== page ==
If you have been reading this series of blogs, you already know the previous two blogs were concerned with hiring for some specific positions. This blog extends that more generically, but with much the same set of rules.
I had a long term consulting assignment with a manufacturing firm in the Southeastern United States a few years ago. The company had been around for almost 40 years, employed about 200 people. The company culture was very conservative. Located in a small town, the firm even had its own company chaplain!. The COO knew the names and key metrics of every one in the plant, including birthdays and anniversaries. The COO of the company wanted to put the firm on a faster growth trajectory. Sales at the start of the assignment were around $12 million.
On my first trip to the plant, I met the senior management for the first time. Since the major goal was faster growth, I paid particular attention to the Sales Manager. He had just come off the road working with the sales force. I asked him what the customers were saying and how he saw the potential for more sales from his sales team. Rather than answer those questions, he evaded them, telling one semi-objectionable joke after another. After a group lunch at a local diner, the CEO and the COO and I rode back together. The COO asked me what I thought of Jerry. I told him Jerry might be his Sales Manager, but he would not be mine. That confirmed what they both thought even though I had no previous discussion with them. Two weeks later, Jerry was gone. Not surprising to me, he had been promoted to Sales Manager a couple of years prior because he was one of the most productive salespeople in the company!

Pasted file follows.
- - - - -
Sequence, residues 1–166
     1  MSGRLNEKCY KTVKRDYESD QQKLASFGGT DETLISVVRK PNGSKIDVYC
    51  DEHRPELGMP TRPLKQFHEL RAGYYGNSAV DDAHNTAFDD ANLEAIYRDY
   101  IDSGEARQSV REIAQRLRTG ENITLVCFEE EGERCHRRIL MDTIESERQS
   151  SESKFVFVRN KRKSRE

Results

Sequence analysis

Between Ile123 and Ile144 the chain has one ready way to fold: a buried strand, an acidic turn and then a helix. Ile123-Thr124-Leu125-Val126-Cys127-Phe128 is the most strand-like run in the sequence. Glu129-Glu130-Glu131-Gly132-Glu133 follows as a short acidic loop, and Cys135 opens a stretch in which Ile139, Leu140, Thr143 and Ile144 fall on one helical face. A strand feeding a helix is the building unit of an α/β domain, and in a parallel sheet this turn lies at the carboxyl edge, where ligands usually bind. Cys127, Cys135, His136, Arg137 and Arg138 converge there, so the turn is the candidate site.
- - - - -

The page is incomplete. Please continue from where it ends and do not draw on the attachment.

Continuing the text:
Over the next several trips, the Controller, the head of IT, the HR manager, Customer Service manager and a couple others were all replaced. The major problem with each of these people wasn't their willingness to do their jobs, but it was their capacity to grow. The company started working with an executive search firm which had a solid reputation for screening potential candidates and administering various tests for fit. The two companies were pretty much locked at the hip. The search Firm took the time to get to know the client company's culture and the need for fit long before Gino Wickman wrote his Traction book emphasizing "Wants It, Gets It, has the Capacity to Do It". Over a period of about three years, I was known as the 'bad guy' because people had figured out that shortly after many of my visits, one or more heads were going to roll.
While the COO and the search firm were joined at the hip, the CEO wasn't always on board with prospective hires. Since this was a family business and the CEO was the majority shareholder, he held the power to override decisions and made it (albeit infrequently) a habit of hiring relatives whose major strength was having the right last name. Every time the CEO overrode the search firm's recommendations, we had to repeat the hiring process.